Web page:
Riley Juenemann is a first-year student in the Honors Program at Tulane.
Riley Juenemann is a first-year student in the Honors Program at Tulane, studying mathematics and computer science. She is grateful for the academic communities she has become a part of, whether in the Honors Colloquia, the Honors RLC in Wall, or in her departments, which all bring together similarly academic-minded students, but with hugely varied interests and experiences. These communities have enabled Riley to pursue her central goal for her time in college: academic and cultural exploration.
Like all first-year Honors students, Riley has supplemented her conventional curriculum with enrollment in Honors Colloquium courses in the Fall and the Spring. Last semester, she took the class “Lies, Damned Lies, and Statistics,” with Scott McKinley, Associate Professor in Mathematics (see this article on Professor McKinley and his Colloquium here). Riley says the class made her question what she thinks she knows, and, indeed, the “foundational basis” for any kind of knowledge. For her final project, Riley presented research on GMO foods, where there is a large disconnect between public perceptions—of health risks—and scientific evidence—which provides no support for these perceptions.
The gap between academic research and public perceptions has returned as a theme in Riley’s Spring Colloquium, “Quest for Answers,” with James Huck, Assistant Director of the Stone Center for Latin American Studies. Once more, she has learned that academics must be able not only to research topics and find truths, they must also be able to convey them, convincingly, to multiple audiences.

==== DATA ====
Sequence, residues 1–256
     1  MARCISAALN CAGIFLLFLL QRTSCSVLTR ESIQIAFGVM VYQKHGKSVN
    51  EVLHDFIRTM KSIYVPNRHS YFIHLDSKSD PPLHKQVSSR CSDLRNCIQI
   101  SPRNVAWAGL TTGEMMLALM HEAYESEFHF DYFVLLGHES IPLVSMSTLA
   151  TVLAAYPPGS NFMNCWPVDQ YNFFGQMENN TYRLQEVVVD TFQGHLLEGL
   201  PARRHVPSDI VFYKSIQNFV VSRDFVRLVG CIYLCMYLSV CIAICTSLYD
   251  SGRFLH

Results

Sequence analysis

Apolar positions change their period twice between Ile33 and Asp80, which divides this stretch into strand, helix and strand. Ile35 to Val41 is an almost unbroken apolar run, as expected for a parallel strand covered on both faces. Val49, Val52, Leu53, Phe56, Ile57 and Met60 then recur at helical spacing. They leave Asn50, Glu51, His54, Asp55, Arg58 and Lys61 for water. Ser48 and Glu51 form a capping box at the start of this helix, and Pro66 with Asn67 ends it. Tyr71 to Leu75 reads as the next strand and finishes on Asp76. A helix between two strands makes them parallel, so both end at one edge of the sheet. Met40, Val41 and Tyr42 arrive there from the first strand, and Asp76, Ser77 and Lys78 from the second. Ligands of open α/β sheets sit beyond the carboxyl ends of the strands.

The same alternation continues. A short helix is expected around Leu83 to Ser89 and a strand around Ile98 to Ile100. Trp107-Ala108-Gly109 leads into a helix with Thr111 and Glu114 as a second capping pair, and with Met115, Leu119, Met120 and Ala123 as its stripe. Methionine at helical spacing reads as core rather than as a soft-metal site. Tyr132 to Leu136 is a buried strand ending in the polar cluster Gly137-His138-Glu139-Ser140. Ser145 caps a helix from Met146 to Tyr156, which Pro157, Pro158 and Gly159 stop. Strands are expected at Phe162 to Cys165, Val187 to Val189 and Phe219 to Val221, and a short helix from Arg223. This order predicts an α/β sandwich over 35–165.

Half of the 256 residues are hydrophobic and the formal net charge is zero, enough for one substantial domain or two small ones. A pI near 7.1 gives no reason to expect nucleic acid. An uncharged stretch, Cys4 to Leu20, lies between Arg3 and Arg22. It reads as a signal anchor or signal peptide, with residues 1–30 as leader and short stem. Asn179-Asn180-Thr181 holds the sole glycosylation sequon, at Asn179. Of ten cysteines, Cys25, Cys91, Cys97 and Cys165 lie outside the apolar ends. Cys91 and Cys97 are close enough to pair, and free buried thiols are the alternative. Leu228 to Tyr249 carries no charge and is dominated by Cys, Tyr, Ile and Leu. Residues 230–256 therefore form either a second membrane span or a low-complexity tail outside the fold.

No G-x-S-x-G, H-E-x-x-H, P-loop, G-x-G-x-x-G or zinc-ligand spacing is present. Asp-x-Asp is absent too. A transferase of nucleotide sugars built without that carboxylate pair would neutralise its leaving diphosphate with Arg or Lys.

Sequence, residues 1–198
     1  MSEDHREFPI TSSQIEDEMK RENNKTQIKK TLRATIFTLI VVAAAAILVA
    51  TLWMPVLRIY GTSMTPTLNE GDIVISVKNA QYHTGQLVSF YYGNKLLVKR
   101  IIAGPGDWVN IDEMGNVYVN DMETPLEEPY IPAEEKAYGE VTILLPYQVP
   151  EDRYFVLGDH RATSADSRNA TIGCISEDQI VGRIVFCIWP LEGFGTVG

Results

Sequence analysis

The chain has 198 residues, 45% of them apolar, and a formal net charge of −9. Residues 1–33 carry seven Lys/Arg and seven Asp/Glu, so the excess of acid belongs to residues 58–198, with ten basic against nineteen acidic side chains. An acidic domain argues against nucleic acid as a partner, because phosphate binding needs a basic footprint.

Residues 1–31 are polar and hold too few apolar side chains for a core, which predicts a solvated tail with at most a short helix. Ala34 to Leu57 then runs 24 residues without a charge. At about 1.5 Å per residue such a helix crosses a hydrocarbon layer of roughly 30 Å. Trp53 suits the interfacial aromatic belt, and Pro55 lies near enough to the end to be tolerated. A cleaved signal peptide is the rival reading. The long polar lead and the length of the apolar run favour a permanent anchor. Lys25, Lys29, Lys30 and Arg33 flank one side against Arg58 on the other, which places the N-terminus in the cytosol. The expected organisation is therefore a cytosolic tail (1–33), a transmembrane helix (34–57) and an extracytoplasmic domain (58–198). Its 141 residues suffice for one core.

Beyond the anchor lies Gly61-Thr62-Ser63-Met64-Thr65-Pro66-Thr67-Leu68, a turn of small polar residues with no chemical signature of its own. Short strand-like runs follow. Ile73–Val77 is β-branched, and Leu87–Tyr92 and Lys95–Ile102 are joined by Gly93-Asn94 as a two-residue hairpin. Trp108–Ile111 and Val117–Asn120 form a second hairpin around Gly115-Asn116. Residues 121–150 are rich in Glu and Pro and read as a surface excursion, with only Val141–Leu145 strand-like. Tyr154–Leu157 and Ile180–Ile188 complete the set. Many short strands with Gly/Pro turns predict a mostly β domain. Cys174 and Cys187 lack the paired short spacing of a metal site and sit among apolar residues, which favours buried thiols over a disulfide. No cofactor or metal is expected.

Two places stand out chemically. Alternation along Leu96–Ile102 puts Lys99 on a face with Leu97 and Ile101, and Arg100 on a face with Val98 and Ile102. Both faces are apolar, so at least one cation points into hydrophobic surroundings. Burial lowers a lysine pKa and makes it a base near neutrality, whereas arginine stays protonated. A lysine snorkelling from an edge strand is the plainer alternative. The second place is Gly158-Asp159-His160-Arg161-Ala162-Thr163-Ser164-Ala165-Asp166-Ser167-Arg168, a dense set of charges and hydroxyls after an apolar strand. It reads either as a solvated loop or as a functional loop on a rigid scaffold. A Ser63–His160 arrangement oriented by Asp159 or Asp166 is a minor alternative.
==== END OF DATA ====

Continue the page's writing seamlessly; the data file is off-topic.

Riley is also looking to expand her studies by spending more time outside of her main fields. After the end of this semester, she will be taking part in the Summer Business Minor program, which she sees as a way to push beyond her STEM focus. In addition, Riley is “toying with the idea of a music minor.” As a long-time musician, she says, part of what drew her to Tulane was the opportunity to study music alongside her more conventional interests.
However, Riley’s academic explorations are not occurring solely within the classroom. Indeed, she recommends that all students get involved with events happening in their departments or elsewhere on campus, where they have an opportunity to encounter new topics and perspectives. Riley cites a lecture she recently attended in the Math Department on computational biology, which encouraged her to think about a whole new area of study for the first time.
The Honors Residential Learning Community (RLC) in Wall Residence Hall has provided another vital academic community for Riley. Students share some key characteristics, she says, in that they are studious and care about the world around them. Yet, they differ enormously in their specific areas of interest, expertise, and experience, which makes for fascinating conversations and interactions on a daily basis. For example, a recent Open Mic event in Wall saw students performing music, poetry, comedy—a huge, and exciting, variety of acts, all in the courtyard of Riley’s residence hall.
Though she is not yet sure of her longer-term interests, Riley is excited to continue her explorations at Tulane and in the Honors Program. She hopes to get involved in research and write a thesis, but has not yet decided whether she would like to focus on applied or pure mathematics. Similarly, she is also undecided between a research-focused or more practical career in the longer-term. One thing is for certain, however—Riley has plenty of opportunities to continue exploring.